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Protecting the poll

That the media and the international community have declared the November 19 election ‘non-negotiable’ is a reason for cheer

Written by Yubaraj Ghimire | Published: November 13, 2013 3:26:47 am

That the media and the international community have declared the November 19 election ‘non-negotiable’ is a reason for cheer

Not just the police and paramilitary forces,but the Nepal army too has descended on the streets,mostly in Kathmandu and other urban areas,to convey the message that the government is concerned about security for the November 19 election. The polls are being boycotted by a 33-party alliance led by the breakaway Communist Party of Nepal-Maoist (CPN-M). Patrolling on such a scale,unprecedented in the last three decades,began on Monday and coincided with a day-long bandh called by the poll-boycott alliance.

The showdown between the boycott alliance — which refused to enter the arena if Chief Justice Khil Raj Regmi didn’t resign from the head of the electoral government — and the government has reached a point of no return. The international community — mainly,the UN,US and India — has taken a collective stance of favouring polls at any cost. Thwarting any effective resistance thus becomes absolutely necessary for the government. The security deployment points to that,although fears about the polls not taking place have not yet died down.

On Saturday,the high-level political committee consisting of the six pro-poll parties,which guide and advise the electoral government,issued a statement expressing a “full commitment” to holding polls on the scheduled date. Earlier,the international community had warned the anti-election groups against any move to use violence,since it was illegal under the law of the land. “This only confirms our fear that this election is being imposed on us at the behest of external forces,without preparing the real ground for constitution-making at home,” asserts C.P. Gajurel,vice chairman of the CPN-M. The anti-poll alliance may be an irritant,but there is more visible distrust among the pro-poll forces. “The Nepali Congress,Communist Party of Nepal-Unified Marxist Leninist and the Madhesi groups are conspiring against me and my party,” United Communist Party of Nepal-Maoist (UCPN-M) chairman Prachanda said on Monday. The message is that “government agencies” may be used against him and the UCPN-M. His anger is understandable. The parties he blames have publicly declared that the “constitution cannot be delivered by the Constituent Assembly without the participation of the CPN-M”.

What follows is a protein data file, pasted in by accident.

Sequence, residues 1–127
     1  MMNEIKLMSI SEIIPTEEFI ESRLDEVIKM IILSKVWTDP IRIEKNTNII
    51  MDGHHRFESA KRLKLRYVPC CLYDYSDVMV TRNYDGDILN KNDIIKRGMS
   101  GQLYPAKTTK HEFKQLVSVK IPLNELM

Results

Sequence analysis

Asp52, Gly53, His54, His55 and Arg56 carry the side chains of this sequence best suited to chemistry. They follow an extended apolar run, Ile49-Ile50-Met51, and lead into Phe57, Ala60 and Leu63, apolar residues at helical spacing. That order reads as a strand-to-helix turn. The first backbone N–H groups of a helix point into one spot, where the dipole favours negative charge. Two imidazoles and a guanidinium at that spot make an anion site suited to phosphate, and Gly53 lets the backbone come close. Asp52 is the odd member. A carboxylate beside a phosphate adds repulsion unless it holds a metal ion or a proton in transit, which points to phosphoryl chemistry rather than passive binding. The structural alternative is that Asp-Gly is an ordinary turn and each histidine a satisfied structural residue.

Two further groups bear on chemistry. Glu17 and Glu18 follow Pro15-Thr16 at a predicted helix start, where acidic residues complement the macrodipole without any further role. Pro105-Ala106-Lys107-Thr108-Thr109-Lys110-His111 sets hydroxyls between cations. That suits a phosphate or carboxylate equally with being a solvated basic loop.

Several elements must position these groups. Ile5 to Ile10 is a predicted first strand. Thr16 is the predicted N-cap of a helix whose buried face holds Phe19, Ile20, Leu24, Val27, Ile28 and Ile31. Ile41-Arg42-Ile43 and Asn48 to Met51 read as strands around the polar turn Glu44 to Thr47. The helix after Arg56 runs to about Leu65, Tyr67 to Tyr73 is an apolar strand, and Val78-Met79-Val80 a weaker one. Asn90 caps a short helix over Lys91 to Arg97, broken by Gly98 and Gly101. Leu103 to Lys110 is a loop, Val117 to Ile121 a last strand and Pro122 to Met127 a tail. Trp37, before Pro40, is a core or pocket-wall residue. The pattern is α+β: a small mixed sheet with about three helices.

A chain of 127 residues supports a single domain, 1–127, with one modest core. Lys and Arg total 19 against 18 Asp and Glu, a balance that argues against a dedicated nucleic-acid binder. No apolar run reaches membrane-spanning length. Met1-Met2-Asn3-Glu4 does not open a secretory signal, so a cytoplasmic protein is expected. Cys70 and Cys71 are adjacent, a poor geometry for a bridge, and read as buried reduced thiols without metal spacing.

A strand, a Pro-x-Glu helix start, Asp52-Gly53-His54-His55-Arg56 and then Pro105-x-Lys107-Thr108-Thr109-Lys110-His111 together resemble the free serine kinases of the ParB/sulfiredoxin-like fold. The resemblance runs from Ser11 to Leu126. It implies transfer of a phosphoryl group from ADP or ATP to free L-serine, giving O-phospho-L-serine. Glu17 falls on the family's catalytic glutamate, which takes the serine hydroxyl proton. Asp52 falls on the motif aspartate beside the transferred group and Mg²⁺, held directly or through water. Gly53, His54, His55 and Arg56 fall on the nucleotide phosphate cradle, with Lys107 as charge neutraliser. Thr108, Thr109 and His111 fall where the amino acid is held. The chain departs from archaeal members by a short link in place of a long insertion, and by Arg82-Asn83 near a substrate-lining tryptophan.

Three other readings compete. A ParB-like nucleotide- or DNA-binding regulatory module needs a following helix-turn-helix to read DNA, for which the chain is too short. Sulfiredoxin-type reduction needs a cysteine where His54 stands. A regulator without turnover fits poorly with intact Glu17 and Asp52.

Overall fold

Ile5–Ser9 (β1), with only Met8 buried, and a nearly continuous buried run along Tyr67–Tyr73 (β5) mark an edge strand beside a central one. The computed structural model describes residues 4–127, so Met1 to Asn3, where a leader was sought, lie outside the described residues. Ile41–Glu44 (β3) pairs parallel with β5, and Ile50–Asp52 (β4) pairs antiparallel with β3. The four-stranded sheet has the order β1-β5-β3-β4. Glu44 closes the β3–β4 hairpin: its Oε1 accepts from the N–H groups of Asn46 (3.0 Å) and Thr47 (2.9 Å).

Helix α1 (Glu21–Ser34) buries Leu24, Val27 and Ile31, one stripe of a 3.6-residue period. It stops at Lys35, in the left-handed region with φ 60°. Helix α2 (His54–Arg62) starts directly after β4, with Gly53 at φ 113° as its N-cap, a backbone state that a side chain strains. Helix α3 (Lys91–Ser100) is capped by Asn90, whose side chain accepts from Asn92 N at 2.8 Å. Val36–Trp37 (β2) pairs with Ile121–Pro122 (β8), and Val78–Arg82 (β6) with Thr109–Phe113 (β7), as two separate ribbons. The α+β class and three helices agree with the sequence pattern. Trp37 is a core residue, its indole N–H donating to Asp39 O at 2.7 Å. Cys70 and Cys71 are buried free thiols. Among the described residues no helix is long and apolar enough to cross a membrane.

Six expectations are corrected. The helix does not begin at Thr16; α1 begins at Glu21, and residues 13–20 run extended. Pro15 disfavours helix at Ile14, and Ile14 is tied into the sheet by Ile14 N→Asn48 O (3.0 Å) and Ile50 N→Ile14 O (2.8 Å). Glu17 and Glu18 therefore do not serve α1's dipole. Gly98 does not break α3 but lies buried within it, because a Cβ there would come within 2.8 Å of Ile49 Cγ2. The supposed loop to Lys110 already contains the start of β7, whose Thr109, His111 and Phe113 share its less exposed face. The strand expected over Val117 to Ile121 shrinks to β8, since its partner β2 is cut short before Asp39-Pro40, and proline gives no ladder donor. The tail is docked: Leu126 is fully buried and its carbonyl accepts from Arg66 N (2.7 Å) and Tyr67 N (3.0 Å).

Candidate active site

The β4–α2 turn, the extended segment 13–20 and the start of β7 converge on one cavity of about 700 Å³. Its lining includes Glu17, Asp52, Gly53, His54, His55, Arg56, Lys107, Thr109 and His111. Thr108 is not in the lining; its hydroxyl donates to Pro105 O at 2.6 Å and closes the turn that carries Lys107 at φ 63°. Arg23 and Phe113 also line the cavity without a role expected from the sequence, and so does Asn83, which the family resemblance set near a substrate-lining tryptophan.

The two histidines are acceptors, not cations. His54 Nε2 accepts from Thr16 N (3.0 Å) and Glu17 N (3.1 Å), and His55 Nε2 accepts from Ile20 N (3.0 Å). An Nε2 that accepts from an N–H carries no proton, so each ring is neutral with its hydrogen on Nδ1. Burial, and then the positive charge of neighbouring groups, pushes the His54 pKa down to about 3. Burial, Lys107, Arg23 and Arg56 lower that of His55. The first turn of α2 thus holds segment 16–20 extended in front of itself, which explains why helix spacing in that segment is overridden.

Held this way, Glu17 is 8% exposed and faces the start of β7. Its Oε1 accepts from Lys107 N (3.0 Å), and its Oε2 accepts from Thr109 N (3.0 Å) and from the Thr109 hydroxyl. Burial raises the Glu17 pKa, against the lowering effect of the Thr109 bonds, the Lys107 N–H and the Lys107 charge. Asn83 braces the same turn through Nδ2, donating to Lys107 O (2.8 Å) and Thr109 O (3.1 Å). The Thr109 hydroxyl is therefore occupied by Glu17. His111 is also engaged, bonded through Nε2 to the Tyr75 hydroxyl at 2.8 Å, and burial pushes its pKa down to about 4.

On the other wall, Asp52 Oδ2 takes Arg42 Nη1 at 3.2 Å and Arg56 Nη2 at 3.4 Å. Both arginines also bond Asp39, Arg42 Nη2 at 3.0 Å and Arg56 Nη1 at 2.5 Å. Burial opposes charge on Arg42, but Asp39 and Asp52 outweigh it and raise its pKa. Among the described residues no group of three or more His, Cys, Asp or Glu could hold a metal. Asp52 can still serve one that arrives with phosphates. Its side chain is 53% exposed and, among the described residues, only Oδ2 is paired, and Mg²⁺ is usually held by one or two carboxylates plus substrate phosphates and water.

In this confusion,the US and EU have issued travel advisories that will discourage tourists from visiting Nepal in the peak season. Despite the UN and the international community encouraging the government to hold polls on schedule,they are clearly not undermining the strength of the boycotting groups,which may also cash in on the general sense of public frustration and anger about the failure of these actors to deliver the constitution.

The electoral government,headed by the chief justice and packed with retired bureaucrats,doesn’t have to defend the failed actors. It will definitely be held accountable for the reported lack of preparation by the election commission,for any deterioration in law and order as well as violence by the state,especially given the army deployment. The former king,Gyanendra,who recently said that the “people should participate in the democratic election”,is believed to have asked a pointed question of the army chief: Will the Nepal army kill Nepalese people? Even during the 19-day movement against the king’s direct rule in April 2006,the army was responsible for only one of the 21 deaths,when the mob was marching towards the telecom office protected by the army. The remaining deaths were attributed to the police

and paramilitary.

Amidst such fear and confusion,the election commission appears lacking in preparedness. It failed to print the permanent identity cards it promised. It’s struggling now to distribute temporary ones. Yet,for the government and the election commission,the happiest news is that most major media houses and the international community are backing them. Their common defence is that the election is “non-negotiable” in taking democracy forward. But the challenges are not over. The increasing poll-related violence has been quite discouraging.

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